Tilt observations at FG1 station located about 680 m west of the central crater of Unzen volcano, southwestern Japan, revealed details about the process of magma ascent during the mid-May 1991 crisis, just before the appearance of a lava dome. Crustal deformations measured during this period can be interpreted by a combination of upward growth of a buried magma column and lateral intrusion of a dike, modeled by a vertical line source and a planer tensile dislocation in an elastic half space. Marked change in tilt was observed at first in the EW direction at FG1 during May 11-14, suggesting the ascent of a magma column with a diameter of about 40 m from about 300 m to 160 m in depth beneath the central crater. After the interruption of the rise of the magma column, magma began to intrude laterally as a dike on May 15 toward approximately the N80°W direction. This resulted in a large tilt change essentially in the NS component at FG1. The horizontal extent of the dike might have exceeded 400 m in a few days with a thickness of about 6 m. On May 17, the magma column started to rise again, probably because the impediment to magma ascent was fractured by the growth of the dike. The top of the magma column finally reached to the crater bottom probably on May 19, and a new lava dome was actually observed on May 20. After which, the remarkable upward tilt to the south at FG1 due to the dike intrusion decreased rapidly. The deformation after May 20 can be interpreted by a gradual increase in the thickness of the dike up to 13 m by the end of May 1991. Although large errors are inevitable in estimated values because of a lack of sufficient data, the present results confirm the importance of making continuous observations of crustal deformation near the summit areas of active volcanoes in order to clarify the underground processes of magma movement leading to eruptions.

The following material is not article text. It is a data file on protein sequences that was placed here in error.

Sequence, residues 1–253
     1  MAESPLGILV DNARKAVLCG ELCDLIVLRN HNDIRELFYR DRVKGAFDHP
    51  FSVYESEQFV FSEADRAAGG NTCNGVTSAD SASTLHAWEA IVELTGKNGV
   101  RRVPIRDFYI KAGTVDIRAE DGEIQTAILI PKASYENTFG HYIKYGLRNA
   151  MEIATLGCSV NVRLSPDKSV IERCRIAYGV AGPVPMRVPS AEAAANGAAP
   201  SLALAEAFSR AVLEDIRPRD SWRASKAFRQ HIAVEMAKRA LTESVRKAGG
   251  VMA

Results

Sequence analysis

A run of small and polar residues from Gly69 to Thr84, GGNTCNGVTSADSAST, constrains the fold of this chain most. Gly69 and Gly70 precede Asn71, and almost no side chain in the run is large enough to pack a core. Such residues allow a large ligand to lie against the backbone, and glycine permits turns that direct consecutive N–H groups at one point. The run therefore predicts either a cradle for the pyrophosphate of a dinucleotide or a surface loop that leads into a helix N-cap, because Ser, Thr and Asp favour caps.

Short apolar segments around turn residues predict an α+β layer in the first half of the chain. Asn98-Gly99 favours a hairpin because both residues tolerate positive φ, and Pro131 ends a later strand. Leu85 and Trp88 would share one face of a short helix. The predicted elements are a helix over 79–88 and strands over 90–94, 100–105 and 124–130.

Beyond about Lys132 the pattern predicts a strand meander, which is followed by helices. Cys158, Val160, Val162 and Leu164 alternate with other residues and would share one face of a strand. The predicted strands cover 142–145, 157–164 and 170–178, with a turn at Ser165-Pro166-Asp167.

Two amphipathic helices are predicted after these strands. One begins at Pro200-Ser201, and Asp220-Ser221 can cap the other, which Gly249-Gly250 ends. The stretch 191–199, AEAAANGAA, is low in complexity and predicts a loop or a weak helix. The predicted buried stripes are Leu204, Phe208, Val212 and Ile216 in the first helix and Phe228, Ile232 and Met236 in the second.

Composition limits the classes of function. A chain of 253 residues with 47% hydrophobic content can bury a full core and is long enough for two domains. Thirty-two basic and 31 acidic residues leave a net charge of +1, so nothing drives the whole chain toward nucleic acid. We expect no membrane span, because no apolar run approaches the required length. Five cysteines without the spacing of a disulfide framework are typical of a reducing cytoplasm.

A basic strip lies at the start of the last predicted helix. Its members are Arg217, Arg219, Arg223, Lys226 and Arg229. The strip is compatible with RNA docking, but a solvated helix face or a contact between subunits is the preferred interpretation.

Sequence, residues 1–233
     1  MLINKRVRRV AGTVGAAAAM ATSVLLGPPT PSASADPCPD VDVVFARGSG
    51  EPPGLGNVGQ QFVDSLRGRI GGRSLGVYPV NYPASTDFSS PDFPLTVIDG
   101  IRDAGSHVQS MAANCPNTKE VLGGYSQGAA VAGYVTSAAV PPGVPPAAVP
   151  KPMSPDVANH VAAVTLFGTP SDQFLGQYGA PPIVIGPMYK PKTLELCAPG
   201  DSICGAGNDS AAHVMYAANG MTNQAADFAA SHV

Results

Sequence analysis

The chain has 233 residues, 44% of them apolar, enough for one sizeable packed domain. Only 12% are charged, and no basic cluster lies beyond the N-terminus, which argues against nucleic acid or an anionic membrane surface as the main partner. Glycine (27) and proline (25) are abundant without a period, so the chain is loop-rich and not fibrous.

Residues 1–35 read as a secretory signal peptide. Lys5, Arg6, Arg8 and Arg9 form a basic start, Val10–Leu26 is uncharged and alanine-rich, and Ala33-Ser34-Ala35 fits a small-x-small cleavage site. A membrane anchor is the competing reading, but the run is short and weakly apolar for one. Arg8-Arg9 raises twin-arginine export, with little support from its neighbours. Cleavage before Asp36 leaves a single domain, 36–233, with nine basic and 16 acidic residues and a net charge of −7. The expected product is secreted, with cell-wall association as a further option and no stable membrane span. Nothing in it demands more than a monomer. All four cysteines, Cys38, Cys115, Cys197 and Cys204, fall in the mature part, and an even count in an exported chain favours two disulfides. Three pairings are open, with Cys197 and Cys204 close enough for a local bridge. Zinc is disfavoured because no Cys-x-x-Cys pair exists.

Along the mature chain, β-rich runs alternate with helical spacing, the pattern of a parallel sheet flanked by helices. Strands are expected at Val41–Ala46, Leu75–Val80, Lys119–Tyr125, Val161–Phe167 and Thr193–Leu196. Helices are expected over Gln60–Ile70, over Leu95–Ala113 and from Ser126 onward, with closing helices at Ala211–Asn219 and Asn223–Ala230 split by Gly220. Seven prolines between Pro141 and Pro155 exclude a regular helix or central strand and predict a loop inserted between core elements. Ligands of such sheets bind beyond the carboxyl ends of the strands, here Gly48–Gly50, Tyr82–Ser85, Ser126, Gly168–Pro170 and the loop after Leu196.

All Science Journal Classification (ASJC) codes
- Geochemistry and Petrology